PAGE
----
The abrupt end was punctuated by locked doors and silence at one school, and with a chaotic gathering of parents and students at another.
But the story at three Broward charter schools was essentially the same on Friday: financial problems had led to closure, leaving parents and students to unexpectedly scramble to find a new place to enroll.
“We should have had way more time to look for other schools for our kids,” said Nicole Williams, whose son Alfonso was a 10th-grader at Eagle Charter Academy in Lauderdale Lakes, one of the three schools now closed. Also closing this week were the nearby SMART Charter School (run by the same company as Eagle Charter), and Touchdowns4life Charter School in Tamarac, which was founded by former Miami Dolphins running back Terry Kirby.
Williams said the school sent her a notification letter on Wednesday.
Never miss a local story.
Friday afternoon, Eagle Charter’s main office was filled with parents requesting withdrawal documents and other assistance, but school administrators appeared at times overwhelmed.
“I’ve been in there for three-plus hours,” said parent James Chester, who ultimately left without his son’s withdrawal forms because he had to get to work. “Every parent yelling, screaming, they didn’t have anything in order.”
Switching schools after the academic year starts is a difficult process, and students are often shut out from the most-coveted schools as application deadlines have passed. The more than 400 students who attended these three schools are all eligible to attend the “home” public school in their neighborhood, but dissatisfaction with that home school is what led many families to pick a charter school in the first place. School district officials said it’s possible students could attend a district school other than their home school, and parents are urged to call 754-321-2380 for more information.
Teachers at the three closed schools, meanwhile, were suddenly tasked with finding new work.
“It’s a little more difficult to get a job now than it would have been in the summertime, of course,” said Ashley Interlandi, a reading and language arts teacher at Eagle Charter.
Interlandi did, at least, get her Friday paycheck. Teachers at Miramar’s Parkway Academy charter school, which closed over the summer, were stiffed of their final month’s pay.
During an on-campus visit to Eagle Charter, school staff could not immediately provide an administrator to comment for this story. A call to the cell phone of Edward Miller — CEO of the charter management company for both Eagle and SMART — went unanswered, and his voicemail was not accepting messages.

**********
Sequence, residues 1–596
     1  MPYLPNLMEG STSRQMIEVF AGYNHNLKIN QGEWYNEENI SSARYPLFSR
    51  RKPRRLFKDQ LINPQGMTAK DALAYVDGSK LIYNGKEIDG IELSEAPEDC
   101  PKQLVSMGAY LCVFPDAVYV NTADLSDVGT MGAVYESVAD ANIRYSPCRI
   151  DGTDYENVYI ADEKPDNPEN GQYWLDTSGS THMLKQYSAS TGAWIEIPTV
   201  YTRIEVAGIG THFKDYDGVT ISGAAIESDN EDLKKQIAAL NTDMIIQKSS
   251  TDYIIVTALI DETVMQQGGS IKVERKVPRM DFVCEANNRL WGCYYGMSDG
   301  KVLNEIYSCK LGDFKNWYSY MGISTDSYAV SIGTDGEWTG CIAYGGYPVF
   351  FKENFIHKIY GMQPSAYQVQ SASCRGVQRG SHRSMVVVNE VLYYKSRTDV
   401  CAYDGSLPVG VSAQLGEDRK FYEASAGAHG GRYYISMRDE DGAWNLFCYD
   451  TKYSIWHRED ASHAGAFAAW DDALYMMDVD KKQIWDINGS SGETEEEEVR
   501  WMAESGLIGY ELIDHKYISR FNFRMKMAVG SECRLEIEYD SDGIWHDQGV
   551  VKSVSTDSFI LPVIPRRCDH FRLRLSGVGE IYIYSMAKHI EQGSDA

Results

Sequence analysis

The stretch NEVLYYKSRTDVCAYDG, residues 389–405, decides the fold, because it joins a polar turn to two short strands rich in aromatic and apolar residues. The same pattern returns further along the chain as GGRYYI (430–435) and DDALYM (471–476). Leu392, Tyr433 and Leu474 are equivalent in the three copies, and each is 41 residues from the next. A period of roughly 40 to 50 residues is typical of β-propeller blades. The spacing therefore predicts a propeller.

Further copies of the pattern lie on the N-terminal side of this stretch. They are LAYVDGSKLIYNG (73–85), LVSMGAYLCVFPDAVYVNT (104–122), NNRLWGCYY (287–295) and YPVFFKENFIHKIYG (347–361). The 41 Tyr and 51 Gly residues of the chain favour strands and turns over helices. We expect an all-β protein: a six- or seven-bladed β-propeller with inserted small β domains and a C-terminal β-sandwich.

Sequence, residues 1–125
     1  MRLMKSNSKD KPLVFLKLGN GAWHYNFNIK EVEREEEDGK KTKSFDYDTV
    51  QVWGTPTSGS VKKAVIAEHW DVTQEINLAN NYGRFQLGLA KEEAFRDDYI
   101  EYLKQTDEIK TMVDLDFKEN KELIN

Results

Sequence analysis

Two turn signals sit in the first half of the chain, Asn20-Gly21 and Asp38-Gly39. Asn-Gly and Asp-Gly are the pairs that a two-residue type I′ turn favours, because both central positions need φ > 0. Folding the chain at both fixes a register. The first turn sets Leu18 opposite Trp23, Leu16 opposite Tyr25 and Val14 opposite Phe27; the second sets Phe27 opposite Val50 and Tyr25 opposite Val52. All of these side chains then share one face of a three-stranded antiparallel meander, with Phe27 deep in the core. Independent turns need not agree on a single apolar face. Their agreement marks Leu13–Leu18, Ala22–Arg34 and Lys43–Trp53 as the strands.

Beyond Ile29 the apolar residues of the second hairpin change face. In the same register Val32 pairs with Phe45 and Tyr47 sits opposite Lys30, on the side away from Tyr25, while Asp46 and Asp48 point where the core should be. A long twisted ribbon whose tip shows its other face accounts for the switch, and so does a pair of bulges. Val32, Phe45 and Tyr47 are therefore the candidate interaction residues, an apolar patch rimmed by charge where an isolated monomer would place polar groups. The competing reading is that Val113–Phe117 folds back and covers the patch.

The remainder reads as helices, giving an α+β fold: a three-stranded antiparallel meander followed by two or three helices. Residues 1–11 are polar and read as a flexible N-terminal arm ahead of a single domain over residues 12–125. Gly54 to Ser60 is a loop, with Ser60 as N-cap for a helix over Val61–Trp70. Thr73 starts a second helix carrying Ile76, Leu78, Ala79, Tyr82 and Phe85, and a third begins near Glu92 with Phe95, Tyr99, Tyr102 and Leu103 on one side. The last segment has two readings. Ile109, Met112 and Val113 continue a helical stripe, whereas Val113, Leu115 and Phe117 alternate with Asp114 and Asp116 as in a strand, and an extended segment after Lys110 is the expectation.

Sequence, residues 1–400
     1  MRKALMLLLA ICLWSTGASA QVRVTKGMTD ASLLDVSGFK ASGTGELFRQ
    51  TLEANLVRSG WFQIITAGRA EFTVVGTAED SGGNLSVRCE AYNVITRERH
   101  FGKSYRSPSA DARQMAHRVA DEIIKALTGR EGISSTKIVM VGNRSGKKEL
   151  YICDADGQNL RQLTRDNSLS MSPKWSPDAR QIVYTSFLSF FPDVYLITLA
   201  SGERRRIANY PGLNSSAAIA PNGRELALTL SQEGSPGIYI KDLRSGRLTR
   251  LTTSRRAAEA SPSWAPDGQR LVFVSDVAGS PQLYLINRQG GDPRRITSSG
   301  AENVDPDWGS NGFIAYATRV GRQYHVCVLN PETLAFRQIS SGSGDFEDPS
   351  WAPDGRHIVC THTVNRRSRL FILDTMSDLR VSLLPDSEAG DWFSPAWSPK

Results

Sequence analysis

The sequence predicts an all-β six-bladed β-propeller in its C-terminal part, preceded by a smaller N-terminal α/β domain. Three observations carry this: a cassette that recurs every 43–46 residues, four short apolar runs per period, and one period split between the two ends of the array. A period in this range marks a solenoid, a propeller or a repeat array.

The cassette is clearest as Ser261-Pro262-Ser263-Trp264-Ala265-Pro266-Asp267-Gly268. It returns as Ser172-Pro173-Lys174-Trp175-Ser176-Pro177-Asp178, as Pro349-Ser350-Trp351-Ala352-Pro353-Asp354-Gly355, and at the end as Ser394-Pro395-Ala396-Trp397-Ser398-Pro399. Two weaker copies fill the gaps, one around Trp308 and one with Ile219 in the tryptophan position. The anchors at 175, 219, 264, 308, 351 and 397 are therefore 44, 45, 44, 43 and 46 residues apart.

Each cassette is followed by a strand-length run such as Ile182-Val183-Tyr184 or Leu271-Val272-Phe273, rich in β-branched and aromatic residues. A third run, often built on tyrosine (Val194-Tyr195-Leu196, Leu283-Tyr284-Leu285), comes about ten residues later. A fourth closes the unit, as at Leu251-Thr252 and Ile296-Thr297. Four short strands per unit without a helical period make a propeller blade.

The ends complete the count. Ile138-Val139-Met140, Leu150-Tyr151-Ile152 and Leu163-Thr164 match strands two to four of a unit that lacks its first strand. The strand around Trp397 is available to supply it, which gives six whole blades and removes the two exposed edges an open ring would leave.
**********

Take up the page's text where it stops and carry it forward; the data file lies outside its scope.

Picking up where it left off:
At Touchdowns4life, administrators were equally hard to reach. The school’s campus, located in a Tamarac strip mall, was darkened and locked, and no one returned a message left on its voicemail.
As for the schools’ academic performance, SMART got a B in 2011, but dropped to a C this year. Touchdowns4Life slipped from a C to a D. Eagle got a C last year. Its 2012 grade hadn’t been calculated yet, as it was also a high school and those grades have not been released.
Broward school district officials said Eagle and SMART shut down because of shrinking enrollment, and district spokeswoman Tracy Clark said Touchdowns4life’s closure was due to “funding” issues — likely also enrollment-related, since charter schools are funded almost entirely based on the number of students who attend.
Annual audits for all three schools show deep financial troubles. A June 2011 audit of Touchdowns4life showed the school was nearly $24,000 behind on its rent, was accused of owing $20,000 to the company that supplied its computer equipment, and had been charged more than $4,000 in bank overdraft fees.
The parent company of Eagle and SMART, according to the most recent audit, owed a $1.2 million debt to the IRS for unpaid payroll taxes.
Nationally, about 12 percent of charter schools opened in the last 20 years have closed, but in Florida, that closure rate is double, according to state figures. Florida’s Republican-controlled Legislature has strongly encouraged charter school growth — even allocating school construction dollars exclusively to charters. But critics of charter schools complain the state isn’t doing enough oversight.
Lynn Norman-Teck, a spokeswoman for the pro-charter Florida Consortium of Public Charter Schools, said the latest Broward closures aren’t a cause for concern. Parents at these schools “voted with their feet,” Norman-Teck said, and decided to send their kids elsewhere. The best charters can have waiting lists in the thousands, she added.
“A closure, although it’s terrible from a parent point of view ... I see it as a system that’s working,” Norman-Teck said.